And what's happening now is that there are a few liberal Democrats who want to enforce their ideology on a bipartisan majority that can govern, that can appoint judicial nominees. There are a bipartisan majority of votes for Priscilla Owen. There are a bipartisan majority of votes for Miguel Estrada. They are being blocked and obstructed by a liberal, partisan, obstructionist minority.
QUESTION: Two questions. One a follow on your colloquy with Terry. Your exact words at the top were, "The Senate has a constitutional responsibility to hold an up or down vote."
QUESTION: Thank you.
QUESTION: Are you now walking yourself back from that, and saying that you didn't mean to say that? Or are you saying that there is -- are you saying that there is something in the Constitution that requires the Senate to hold an up or down vote on every judicial nomination?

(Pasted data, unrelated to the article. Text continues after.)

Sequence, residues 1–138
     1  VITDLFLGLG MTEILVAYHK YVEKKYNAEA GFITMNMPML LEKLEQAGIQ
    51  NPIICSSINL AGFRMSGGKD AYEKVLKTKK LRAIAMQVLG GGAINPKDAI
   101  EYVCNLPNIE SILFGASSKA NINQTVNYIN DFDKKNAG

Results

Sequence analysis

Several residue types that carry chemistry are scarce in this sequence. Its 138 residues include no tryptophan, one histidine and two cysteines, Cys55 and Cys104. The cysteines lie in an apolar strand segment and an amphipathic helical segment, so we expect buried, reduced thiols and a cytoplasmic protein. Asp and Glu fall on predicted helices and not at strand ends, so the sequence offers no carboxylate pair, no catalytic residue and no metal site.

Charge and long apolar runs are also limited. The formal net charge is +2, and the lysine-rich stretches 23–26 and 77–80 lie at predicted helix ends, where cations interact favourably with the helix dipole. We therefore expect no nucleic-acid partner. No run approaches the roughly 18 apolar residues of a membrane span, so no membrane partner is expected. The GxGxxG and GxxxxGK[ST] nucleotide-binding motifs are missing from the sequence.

MR. FLEISCHER: I said -- you're correct, I said, the Senate has a constitutional responsibility to hold an up or down vote on all judicial nominees within a reasonable time, and that's because advice and consent is the prerogative of the Senate, and it is to be given.
QUESTION: Prerogative of the Senate. They're a co-equal branch of government that interprets their own constitutional responsibility.
MR. FLEISCHER: Clearly, if the Senate made the decision that they do not want to seat anybody in the federal court system, it would be a constitutional crisis.
QUESTION: That's not the decision they're making.